Tuesday, August 8, 2023

An Outsider Bewitched: Poison for the Fairies (1986) Review

Director: Carlos Enrique Taboada

Notable Cast: Ana Patricia Rojo, Elsa Maria Gutierrez, Leonor Llausas, Carmela Stein, Maria Santander


Although I was privy to the work of director Carlos Enrique Taboada before the unveiling of the Mexican Gothic from Vinegar Syndrome, the recent release schedule from the boutique labels perked my interest. The Woodlands Dark and Days Bewitched documentary released last year pushed me to dig further to find more Mexican cinema, and this set was as good of a place to start as any. 


Despite its 1986 release year, Poison for the Fairies, the first of three films included in this set, this little gothic Mexican film is a dark, often unnerving horror drama about childhood friends, lost innocence, and the consequences of the small choices made that begin to spiral out of control. Poison for the Fairies is a shockingly relevant and poignant slice of cinema, more akin to the tones and seething realism of 1970s horror than mid-80s, and it’s one hell of a witch’s brew once it's cooking. 


Poison for the Fairies works more as a dark drama than anything. Still, the fairy tale undertones and witch lore embedded into its character beats and plotting ensure that it leans further into horror territory as it goes. It somehow manages to pull off the horror in a way that’s not so apparent on the surface. Although there are a couple of scenes of suspense, when Flavia finds Veronica’s grandmother for example, the horror lies in its concepts rather than in jump scares or intensity of any of its style. Once again, it retrofits itself more into the 70s horror space than anything. 


Part of the film’s success in its unnerving aspects is that it focuses on the viewpoints of two girls and allows its narrative to be shaped by their interpretation of things. It’s told so distinctly from their eyes that Taboada makes the brilliant choice to have the faces of most adults covered in most of their scenes. These faceless adults are just isolated from the girls in a way that their disembodied voices make the girls feel isolated and on their own in a way that emphasizes their reliance on one another and their decisions. Decisions that come with their own dark consequences as the film progresses.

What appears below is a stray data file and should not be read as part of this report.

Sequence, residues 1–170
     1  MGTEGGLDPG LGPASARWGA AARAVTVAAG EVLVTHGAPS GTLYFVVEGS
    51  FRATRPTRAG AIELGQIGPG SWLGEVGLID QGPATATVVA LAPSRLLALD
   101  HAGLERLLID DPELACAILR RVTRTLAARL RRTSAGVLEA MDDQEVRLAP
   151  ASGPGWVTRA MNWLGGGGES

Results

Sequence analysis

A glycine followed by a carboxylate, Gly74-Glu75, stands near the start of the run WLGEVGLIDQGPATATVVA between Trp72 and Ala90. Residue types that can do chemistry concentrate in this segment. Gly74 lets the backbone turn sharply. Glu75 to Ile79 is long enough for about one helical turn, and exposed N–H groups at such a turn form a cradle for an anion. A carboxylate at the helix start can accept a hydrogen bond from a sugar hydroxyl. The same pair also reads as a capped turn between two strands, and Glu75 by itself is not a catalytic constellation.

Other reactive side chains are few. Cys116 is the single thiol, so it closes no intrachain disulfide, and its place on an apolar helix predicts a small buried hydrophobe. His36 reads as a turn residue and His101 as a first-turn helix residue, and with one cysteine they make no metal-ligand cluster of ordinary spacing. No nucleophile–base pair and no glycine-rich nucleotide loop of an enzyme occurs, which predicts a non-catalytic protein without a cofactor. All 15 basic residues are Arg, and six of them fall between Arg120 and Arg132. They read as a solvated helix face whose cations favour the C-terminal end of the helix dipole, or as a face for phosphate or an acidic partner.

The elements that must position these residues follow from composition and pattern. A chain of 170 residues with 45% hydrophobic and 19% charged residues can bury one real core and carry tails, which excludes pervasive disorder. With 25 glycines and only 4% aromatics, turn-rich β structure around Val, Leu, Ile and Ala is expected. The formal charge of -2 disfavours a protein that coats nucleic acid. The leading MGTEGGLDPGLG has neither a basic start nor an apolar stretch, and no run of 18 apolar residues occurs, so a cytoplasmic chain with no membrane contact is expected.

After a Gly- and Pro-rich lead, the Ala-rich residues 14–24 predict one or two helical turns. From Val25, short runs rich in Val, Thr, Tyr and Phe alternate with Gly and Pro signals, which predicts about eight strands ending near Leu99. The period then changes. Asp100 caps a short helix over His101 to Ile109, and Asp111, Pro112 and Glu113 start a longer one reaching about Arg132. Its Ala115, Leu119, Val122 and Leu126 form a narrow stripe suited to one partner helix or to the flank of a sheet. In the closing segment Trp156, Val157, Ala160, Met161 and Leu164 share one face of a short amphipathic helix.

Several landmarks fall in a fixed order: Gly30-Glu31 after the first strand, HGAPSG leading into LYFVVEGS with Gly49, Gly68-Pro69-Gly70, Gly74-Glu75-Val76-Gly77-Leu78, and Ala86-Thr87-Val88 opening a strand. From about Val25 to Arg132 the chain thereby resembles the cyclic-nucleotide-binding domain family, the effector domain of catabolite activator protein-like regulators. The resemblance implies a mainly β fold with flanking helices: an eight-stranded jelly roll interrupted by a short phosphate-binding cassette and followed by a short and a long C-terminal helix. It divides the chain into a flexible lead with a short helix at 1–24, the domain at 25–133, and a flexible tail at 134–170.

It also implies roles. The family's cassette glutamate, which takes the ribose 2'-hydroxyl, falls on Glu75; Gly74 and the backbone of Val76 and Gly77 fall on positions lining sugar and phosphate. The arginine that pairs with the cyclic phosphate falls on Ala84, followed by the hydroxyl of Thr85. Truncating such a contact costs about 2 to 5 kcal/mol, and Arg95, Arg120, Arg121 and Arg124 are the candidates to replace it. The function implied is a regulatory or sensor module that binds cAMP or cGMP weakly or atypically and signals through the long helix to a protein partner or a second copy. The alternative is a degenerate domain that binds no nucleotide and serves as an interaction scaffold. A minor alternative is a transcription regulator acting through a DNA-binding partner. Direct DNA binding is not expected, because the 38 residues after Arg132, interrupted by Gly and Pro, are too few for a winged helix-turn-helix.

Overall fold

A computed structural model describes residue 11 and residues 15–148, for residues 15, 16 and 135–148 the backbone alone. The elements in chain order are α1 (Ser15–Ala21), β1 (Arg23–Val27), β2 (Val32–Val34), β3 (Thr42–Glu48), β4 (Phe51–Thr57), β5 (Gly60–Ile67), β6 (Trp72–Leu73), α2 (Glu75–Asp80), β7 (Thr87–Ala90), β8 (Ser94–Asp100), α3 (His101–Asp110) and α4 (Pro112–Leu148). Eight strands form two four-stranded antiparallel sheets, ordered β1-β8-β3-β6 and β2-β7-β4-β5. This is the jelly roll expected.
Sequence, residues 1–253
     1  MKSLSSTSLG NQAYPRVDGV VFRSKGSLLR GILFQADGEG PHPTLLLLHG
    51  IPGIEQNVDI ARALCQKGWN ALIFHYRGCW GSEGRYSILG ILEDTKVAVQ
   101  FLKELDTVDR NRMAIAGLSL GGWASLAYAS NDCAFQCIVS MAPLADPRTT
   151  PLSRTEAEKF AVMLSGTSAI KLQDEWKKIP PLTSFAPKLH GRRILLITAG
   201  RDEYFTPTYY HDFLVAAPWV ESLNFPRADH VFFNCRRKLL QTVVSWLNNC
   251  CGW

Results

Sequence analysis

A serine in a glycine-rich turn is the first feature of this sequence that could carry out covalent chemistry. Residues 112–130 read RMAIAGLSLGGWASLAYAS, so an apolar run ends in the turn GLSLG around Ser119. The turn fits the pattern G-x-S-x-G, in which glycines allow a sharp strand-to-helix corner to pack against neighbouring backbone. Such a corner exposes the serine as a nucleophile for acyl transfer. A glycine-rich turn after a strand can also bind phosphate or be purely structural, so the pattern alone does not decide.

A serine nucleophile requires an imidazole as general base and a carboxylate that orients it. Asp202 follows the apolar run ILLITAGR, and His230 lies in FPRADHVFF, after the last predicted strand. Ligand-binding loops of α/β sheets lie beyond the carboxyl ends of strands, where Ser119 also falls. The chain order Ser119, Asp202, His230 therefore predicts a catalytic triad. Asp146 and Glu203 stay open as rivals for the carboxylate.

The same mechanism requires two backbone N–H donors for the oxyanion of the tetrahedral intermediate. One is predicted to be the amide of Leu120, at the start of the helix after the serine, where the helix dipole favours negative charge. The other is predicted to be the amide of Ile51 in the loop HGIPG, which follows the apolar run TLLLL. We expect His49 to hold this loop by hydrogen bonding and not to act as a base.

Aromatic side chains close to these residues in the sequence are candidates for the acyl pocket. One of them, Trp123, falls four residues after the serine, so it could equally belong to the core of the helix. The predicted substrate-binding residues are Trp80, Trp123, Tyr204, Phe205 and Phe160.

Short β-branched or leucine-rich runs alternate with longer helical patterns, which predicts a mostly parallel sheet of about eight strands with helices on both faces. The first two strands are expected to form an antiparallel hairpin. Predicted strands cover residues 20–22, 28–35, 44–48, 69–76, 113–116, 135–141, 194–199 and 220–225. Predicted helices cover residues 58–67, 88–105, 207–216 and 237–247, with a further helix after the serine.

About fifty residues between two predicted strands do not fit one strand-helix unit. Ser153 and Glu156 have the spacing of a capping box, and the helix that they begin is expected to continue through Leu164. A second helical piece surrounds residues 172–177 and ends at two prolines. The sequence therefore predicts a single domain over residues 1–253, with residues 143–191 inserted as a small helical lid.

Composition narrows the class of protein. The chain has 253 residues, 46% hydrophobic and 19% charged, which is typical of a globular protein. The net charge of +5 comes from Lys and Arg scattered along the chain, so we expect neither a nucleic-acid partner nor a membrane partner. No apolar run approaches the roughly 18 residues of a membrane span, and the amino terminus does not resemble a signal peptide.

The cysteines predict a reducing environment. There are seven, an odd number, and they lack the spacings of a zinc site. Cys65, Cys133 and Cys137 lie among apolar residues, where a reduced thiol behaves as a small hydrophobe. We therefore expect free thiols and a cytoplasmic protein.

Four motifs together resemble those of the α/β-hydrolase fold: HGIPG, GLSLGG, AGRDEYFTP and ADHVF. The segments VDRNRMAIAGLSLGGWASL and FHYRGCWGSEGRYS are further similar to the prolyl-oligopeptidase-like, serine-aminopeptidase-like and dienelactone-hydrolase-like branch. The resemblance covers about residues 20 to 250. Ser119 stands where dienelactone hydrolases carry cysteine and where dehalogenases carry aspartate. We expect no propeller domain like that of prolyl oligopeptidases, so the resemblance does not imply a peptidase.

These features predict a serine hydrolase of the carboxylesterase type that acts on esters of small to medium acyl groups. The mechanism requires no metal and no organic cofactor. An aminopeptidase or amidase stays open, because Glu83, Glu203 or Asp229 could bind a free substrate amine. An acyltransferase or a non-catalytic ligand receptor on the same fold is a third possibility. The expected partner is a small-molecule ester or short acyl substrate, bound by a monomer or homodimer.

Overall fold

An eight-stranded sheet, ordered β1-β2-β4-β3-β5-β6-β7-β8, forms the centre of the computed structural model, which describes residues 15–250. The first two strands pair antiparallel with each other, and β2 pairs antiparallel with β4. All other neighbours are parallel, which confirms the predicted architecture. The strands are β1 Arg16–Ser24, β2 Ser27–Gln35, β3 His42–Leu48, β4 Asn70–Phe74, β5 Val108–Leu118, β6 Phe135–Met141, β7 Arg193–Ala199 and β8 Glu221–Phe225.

Strong performances from its two leads Flavia and Veronica (Elsa Maria Gutierrez and Ana Patricia Rojo, respectively) punctuate the fluidity of trust and suspicion between the two girls as they find a volatile friendship in one another as outsiders instigated more by happenstance than anything. The ebbs and flows of their relationship drive the core emotional merits of Poison for the Fairies. In contrast, director Taboada subtly drives home its supernatural elements that feel far more akin to the characters’ imaginations than anything grounded in the film's reality. 


Still, the world is bewitching in children's eyes, isn't it? Whether or not the witchcraft can be interpreted as real through our unreliable narrators. 


As its increasingly dark and unsettling narrative continues, the film only occasionally steps aside from its realistic grounding to deliver these surrealistic moments, as when the film occasionally shows an adult’s face. As the stakes rise higher and higher, Poison for the Fairies starts to gurgle with such an atmospheric tension that its finale ends up feeling like a relief rather than an ending, only eventually settling into my gut as the feeling that the compounding darkness of these girls’ choices left more of a void in my heart than weight was lifted from it. For a film about two girls toying with some small-scale witchcraft, it has an end-of-the-world notion underneath it all that’s surprisingly effective - even if there are no actual end-of-the-world scenarios.  


With its naturalistic cinematography that occasionally slips into more surrealistic moments and two honest performances from its dual leads, Poison for the Fairies may well be one of my favorite discoveries for the year. It’s a slow burner, character-driven flick that may not relish in the exploitative nature of other Vinegar Syndrome releases. Still, it’s a flick that sticks to your heart in some wrenching ways and deserves far more attention. 


Written By Matt Malpica Reifschneider 

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